Tall Poppies Review: In Praise of Difficult Women

I’ve long been a fan of Karen Karbo, the award-winning author of the Kick-Ass Women series and more. This past fall, I holed up with Karen and about 20 other writer friends at a weekend long conference of our fellow Tall Poppy Writers at an Airbnb in Chicago. We shared a bathroom and brainstormed about the writing biz and our respective places in it. If you’d asked me then, I would have told you Karen Karbo isn’t the least bit “difficult.” But now I’ve read her latest book, In Praise of Difficult Women, (Foreword by the fabulous Cheryl Strayed) and I’ve changed my mind.

Karbo has written a collection of essays about what it is to be a “difficult” woman – a word she admits from the start is not defined by any one trait. (“As I read and wrote, I was a little delirious to discover the many ways in which women can be difficult.”)

A review of the Table of Contents of Karbo’s collection reveals few surprises. What is surprising, however, is how Karbo writes about these women – a word she admits from the start is not defined by any one trait. (“As I read and wrote, I was a little delirious to discover the many ways in which women can be difficult.”) The portrayals of the women in Karbo’s collection are not sanitized or fictionalized to create modern day superheroes. Instead, there’s a reminder in her writing about the deeply human nature of those we love to admire.

Journalist Martha Gellhorn is described as “cantankerous.” Creator of Grey’s Anatomy, Shonda Rhimes, wrote an ABC pilot before Grey’s, that tanked. Helen Gurley Brown was a feminist who “displayed her ignorance about HIV and AIDS” in the 80’s. Billie Jean King declined Bobby Riggs’ first challenge out of fear.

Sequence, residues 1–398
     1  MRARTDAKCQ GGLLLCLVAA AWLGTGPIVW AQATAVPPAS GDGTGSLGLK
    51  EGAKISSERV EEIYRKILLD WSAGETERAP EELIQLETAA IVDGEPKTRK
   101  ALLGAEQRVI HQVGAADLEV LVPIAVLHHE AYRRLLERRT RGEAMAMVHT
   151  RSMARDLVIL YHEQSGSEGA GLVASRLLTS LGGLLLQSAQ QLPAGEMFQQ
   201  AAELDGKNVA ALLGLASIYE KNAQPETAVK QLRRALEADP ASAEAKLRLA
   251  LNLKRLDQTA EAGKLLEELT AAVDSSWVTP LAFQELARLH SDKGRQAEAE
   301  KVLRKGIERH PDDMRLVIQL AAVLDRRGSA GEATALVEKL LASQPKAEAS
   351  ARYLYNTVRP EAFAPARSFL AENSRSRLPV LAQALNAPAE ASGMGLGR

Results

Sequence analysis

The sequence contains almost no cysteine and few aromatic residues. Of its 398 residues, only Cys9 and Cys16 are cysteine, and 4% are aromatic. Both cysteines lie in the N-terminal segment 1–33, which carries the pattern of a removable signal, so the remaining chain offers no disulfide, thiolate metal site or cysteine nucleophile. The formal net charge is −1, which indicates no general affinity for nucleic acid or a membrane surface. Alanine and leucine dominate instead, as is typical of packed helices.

The truth is, with the insight and wisdom of her newest collection of essays, Karen Karbo shows us that for many of us, being difficult is simply to embrace our most authentic selves.

Being difficult, it turns out, just might be easier than we think.

In Praise of Difficult Women: Life Lessons From 29 Heroines Who Dared to Break the Rules (National Geographic, 2018) is now available for purchase. For more information on the author, visit her website at www.karenkarbo.com


Karen Karbo is the author of fourteen award-winning novels, memoirs and works of non-fiction including the best-selling “Kick Ass Women” series. Her 2004 memoir, THE STUFF OF LIFE, was a New York Times Notable Book, a Books for a Better Life Award finalist, and winner of the Oregon Book Award for Creative Non-fiction. A recipient of a National Endowment for the Arts Fellowship in Fiction, Karen’s three adults novels have also been named New York Times Notable Books. Her short stories, essays, articles and reviews have appeared in Elle, Vogue, O, Esquire, Outside, The New York Times, Salon, and other magazines. Recently, she was one of the 24 writers selected for the inaugural Amtrak Residency. Most recently, she is the author of In Praise of Difficult Women: Life Lessons from 29 Heroines Who Dared to Break the Rules (National Geographic 2018).

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Amy Impellizeri
Amy Impellizzeri is a former corporate litigator, start-up executive, and award-winning author of fiction and non-fiction. Her debut novel, Lemongrass Hope (Wyatt-MacKenziePublishing 2014) was a 2014 INDIEFAB Book of the Year Bronze Winner and a National Indie Excellence Awards Finalist. Amy’s newest novel, The Truth About Thea, (Wyatt-MacKenziePublishing 2017), has been called “clever, mind-bending and darkly original” (NYT Best-Selling Author Heather Gudenkauf) “thrilling and well-plotted” (NYT and USA TODAY Best-Selling Author Julie Cantrell) and a “perfectly compelling read all the way to the shocking end.” (USA TODAY AND WSJ Best-Selling Author Kimberly Belle). Amy is a frequent invited speaker at Lawyers in Transition Meetings, annual Bar conferences, and creative writing workshops across the country. Amy is a member of the Tall Poppy Writers and the Past President of the Women’s Fiction Writers Association. She is a 2018 Writer-in-Residence at Ms-JD.org. Keep in touch at www.amyimpellizzeri.com.